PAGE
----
I meet Roberto again the next day and we head for a trip to the museum of regional history. I had somehow missed it the first time I was in the city and I was interested to see how deep it went into the earliest history of Khabarovsk. It’s empty aside from the staff, which in Russia I usually take as a good sign of the content. Some of the history is well-known to me, of Nikolay Nikolayevich Muravyev-Amurskiy, its founding as Khabarovka, early conditions and the strategic value beside China. They even had a small display about the disastrous Khetagurova campaign to populate the east so props to them on that front. There’s a great collection of posters and documents throughout the various rooms, and I’ve now got over a dozen pictures which I need to work on translating. In the second room we get talking to the middle-aged lady who keeps an eye on things from her seat. She’s passionate about local history, and she tells us more about the Japanese and Allied presence in the Far East and Siberia during the Russian Civil War. She’s impressed that a Scotsman would go all the way to Khabarovsk for more than just Trans-Siberian tourism, and jokes about a Scot and a Serb being the only two visitors of the day; she assures us however that it’s usually busy with Russians. We talk modern events, and she’s happy living her life in Khabarovsk. She sounds hopeful on the future, and that since the city has an interesting past, it can also have an interesting future. There’s a hint of ‘love is all you need’ about her outlook, but I’m happy to hear some real positivity. Sometimes it’s easy to drift into resignation instead of doing something positive.Image



          I talk to Roberto about sport afterwards, and ask him if he’s found a place in his heart for SKA-Energiya Khabarovsk, or Amur Khabarovsk. He looks a bit sheepish and says he’s not really interested in them, and that in general people in the city only get interested in the teams when they’re doing well. The worldwide phenomenon of choosing a Spanish, German, Italian or English team instead has crept up even in this corner of Russia. Individual sports are more popular, though it’s hard to say if any one individual sport is more popular than the rest. At this point we meet Ola again, and I need to offer a huge amount of thanks to her for what happened next; I had wanted to get a scarf of SKA-Energiya, but with the season over it was nigh-on impossible. Just when prospects looked bleak, she made a phone call, and that someone made another phone call…well it only turned out that they knew the managing director of the club, who had a brand new scarf sent over for me free of charge. A great gesture and one I’m extremely grateful for.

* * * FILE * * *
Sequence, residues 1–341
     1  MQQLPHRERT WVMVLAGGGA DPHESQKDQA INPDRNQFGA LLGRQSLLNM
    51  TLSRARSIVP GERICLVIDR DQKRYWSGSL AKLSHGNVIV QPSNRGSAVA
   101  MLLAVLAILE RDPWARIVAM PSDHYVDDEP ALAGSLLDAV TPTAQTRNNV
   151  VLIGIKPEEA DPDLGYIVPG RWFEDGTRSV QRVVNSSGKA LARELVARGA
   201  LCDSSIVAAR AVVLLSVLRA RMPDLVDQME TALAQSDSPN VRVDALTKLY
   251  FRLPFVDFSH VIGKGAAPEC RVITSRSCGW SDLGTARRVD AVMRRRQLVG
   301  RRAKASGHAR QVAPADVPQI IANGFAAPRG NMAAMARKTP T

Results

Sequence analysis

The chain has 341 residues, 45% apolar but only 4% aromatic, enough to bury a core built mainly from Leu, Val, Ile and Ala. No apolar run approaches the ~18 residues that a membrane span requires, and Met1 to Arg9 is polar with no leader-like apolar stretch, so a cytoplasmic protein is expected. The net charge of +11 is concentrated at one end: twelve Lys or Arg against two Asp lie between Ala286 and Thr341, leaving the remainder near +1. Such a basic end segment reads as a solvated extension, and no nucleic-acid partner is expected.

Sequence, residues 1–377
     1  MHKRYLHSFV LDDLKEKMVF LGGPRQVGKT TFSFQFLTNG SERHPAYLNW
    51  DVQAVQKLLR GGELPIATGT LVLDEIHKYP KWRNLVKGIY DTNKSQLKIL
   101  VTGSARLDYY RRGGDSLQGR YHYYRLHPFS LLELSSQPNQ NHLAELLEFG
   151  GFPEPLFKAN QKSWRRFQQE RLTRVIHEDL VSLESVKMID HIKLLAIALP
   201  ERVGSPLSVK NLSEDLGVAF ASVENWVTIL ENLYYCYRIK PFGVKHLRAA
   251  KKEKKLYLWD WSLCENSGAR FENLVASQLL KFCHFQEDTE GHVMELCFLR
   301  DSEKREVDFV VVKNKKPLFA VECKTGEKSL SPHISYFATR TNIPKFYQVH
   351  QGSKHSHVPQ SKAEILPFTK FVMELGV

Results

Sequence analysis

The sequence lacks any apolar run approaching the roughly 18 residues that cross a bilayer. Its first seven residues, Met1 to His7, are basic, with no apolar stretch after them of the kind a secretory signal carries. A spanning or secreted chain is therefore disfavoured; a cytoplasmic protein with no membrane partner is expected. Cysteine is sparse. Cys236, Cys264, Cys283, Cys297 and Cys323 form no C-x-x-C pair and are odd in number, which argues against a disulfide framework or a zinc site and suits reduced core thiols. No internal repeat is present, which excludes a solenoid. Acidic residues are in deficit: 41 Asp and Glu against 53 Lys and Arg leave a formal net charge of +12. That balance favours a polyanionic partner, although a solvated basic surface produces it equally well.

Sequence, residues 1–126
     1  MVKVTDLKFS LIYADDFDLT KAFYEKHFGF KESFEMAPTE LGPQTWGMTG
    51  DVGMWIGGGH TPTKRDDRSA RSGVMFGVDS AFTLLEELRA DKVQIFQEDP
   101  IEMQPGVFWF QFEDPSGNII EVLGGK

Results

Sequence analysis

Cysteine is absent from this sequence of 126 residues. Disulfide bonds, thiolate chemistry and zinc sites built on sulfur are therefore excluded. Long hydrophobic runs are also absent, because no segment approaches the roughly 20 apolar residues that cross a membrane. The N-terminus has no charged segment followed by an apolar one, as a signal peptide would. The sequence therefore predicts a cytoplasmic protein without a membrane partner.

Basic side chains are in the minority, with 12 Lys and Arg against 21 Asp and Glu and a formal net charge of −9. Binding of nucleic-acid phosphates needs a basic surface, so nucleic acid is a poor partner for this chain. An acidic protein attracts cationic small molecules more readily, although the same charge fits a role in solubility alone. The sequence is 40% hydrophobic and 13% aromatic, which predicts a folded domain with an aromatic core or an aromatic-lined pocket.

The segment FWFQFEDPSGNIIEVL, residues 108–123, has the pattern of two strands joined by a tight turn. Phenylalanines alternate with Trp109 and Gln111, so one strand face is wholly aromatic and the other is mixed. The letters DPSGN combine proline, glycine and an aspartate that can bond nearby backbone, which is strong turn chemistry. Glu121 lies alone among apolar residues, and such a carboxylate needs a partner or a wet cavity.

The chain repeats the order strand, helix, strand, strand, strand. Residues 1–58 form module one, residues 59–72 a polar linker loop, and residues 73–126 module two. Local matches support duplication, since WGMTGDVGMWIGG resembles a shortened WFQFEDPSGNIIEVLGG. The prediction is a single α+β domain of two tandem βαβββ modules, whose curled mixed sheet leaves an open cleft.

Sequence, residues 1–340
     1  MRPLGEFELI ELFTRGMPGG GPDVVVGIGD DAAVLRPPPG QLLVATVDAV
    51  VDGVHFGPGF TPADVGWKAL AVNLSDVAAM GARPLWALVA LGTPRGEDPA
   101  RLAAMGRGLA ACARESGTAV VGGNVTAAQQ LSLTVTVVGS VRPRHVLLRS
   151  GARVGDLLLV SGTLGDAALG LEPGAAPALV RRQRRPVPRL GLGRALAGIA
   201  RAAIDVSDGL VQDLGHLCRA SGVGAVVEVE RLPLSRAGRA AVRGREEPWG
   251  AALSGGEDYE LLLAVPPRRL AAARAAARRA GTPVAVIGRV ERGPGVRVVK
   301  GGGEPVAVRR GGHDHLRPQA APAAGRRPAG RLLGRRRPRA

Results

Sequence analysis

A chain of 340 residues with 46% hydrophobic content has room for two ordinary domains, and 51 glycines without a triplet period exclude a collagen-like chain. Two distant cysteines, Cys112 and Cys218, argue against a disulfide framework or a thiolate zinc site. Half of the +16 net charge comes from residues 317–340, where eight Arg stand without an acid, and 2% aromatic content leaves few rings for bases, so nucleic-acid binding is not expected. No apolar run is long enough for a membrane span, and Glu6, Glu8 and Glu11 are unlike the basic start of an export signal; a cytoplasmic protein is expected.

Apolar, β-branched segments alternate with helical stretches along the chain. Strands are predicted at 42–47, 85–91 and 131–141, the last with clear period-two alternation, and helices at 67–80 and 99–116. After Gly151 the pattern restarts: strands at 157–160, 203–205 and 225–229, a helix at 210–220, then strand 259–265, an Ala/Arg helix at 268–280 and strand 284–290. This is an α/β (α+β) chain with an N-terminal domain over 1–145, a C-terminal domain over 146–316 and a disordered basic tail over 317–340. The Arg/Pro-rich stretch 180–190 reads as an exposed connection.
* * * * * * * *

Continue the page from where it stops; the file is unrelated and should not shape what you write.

Later that day Ola introduces me to Vladimir, a Siberian lad who has made Khabarovsk his home and who knows a lot about local history. Given that most people aren’t too interested in the topic I’m looking forward to talking more with him. We discuss the progress of Khabarovsk over the years, and the conversation drifts towards the modern era. Despite not being born and bred in Khabarovsk, Vladimir has come to enjoy the city. He’s lived and worked across the country, served in the military for a while, and settled down with another Korean-Russian girl from the city. He says Khabarovsk is definitely a better place to live than Vladivostok, and he wishes more people would stay to try and improve the region. Given the cold nature of his own home city he doesn’t get scared off by cold winters here, he just grins and bears it. As with almost everyone else he wonders why the hell I’d be interested in researching the Russian Far East, but respects the fact that I’m giving it a go. We talk a lot more as the evening draws on, but with the beer flowing some of the details of our conversation by then drift from memory. As we walk the street during the evening I realise how good this city is for a pedestrian as compared with other Russian cities; wide pavements, well-maintained and generally in full repair, combined with decent-looking buildings and efficient services. It’s a refreshing sight, and something that the local authorities and planners in other cities should learn from.